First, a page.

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Facebook challenges Zoom with Messenger Rooms and household brands respond to Trump disinfectant remarks: Monday Wake-Up Call
Facebook takes on Zoom with Messenger Rooms
As our quarantined world continues to download Zoom, Facebook is fighting back with its own videoconferencing solution. As Ad Age’s Garett Sloane reports, the company is enhancing Facebook Messenger with a new feature called Rooms, which will allow 50 people to “hang out” at a time. Messenger Rooms will eventually also integrate with Facebook’s other properties, Instagram Direct, WhatsApp and home video device Portal, and users won’t have to have a Facebook account to participate in a meeting.
As part of a livestream on Friday, CEO Mark Zuckerberg talked through how the new videoconferencing space could differ from Zoom: For example, during the testing process his friends and coworkers could just drop in throughout the day, making it a “less-scheduled” experience than a Zoom conference. He also said there would be controls that would prevent “annoying” people from just entering, if the host wants to screen visitors.
There’s no word yet, however, on whether Facebook’s offering can prevent people from embarrassing themselves during a video conference. In another cautionary tale about Zoom (or maybe it’s just about the strain of lockdown), Time reports that a California planning commissioner had to resign after “throwing his pet cat and apparently drinking a beer” during a Zoom meeting.
The 'Tide Pods' president
Household cleaning brands are in the spotlight as the uproar over President Trump’s remarks about disinfectants continued over the weekend, with more companies responding to his proposal that injecting such products might help kill coronavirus.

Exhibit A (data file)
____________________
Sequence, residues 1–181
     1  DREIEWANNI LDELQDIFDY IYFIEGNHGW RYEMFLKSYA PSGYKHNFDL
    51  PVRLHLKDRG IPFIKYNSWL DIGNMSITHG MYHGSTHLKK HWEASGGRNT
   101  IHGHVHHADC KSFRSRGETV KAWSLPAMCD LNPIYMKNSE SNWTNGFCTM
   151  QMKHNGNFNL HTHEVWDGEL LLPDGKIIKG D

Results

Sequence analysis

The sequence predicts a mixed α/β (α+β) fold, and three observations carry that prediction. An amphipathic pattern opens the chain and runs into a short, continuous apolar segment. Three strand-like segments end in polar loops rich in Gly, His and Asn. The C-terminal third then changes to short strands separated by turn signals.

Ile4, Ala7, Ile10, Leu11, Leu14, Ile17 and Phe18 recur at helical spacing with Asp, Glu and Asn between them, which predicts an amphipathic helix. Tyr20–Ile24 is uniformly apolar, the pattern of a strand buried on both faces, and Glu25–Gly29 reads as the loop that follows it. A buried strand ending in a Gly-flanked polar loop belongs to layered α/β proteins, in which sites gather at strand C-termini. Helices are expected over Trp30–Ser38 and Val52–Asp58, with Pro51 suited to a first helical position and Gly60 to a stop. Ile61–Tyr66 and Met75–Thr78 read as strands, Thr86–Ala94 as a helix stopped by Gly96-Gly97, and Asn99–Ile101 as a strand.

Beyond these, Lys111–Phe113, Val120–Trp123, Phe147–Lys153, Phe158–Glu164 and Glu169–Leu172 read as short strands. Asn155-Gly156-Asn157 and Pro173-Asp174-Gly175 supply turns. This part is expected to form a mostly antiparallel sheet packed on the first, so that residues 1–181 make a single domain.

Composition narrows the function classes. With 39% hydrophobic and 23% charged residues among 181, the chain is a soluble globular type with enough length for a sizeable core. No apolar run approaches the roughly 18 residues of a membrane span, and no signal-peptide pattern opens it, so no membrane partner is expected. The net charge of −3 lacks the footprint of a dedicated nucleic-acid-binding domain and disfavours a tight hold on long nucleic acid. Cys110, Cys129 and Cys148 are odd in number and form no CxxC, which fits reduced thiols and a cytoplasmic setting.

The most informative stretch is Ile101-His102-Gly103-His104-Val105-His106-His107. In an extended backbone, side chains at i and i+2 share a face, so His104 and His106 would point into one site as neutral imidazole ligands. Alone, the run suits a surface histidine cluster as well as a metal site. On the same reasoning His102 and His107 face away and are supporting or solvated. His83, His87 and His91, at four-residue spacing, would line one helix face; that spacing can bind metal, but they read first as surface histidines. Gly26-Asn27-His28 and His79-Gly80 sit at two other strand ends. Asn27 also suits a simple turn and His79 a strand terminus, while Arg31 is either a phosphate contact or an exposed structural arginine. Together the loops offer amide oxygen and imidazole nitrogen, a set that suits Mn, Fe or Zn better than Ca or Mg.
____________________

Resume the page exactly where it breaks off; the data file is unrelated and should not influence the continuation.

On Friday morning, Lysol and Dettol maker Reckitt Benckiser stated that “under no circumstance” should its disinfectant products be administered into the human body, through injection, ingestion or any other route. Clorox (the subject of a satirical song by comedian Randy Rainbow on Twitter, featuring the lyrics “Just a spoonful of Clorox makes your temperature go down”) also issued a statement, PR Week reports, saying: “Bleach and other disinfectants are not suitable for consumption or injection under any circumstances. People should always read the label for proper usage instructions.”
Meanwhile, USA Today reports that Trump has now been nicknamed the "Tide Pods" president on Twitter, after the P&G product (which became infamous in 2018 when teens started putting them in their mouths as a challenge) began trending on Twitter. The Washington Military Department's Emergency Management Division pleaded, "Please don't eat Tide pods or inject yourself with any kind of disinfectant" and to not "make a bad situation worse."
Old Spice highlights black communities
Marketing around coronavirus and relief efforts hasn't focused much on the impact on African Americans. But Old Spice has become one of the first brands to do so, writes Ad Age’s Jack Neff, as part of a new effort with BET Network to provide financial, educational and community support to black communities suffering from the impact of the virus.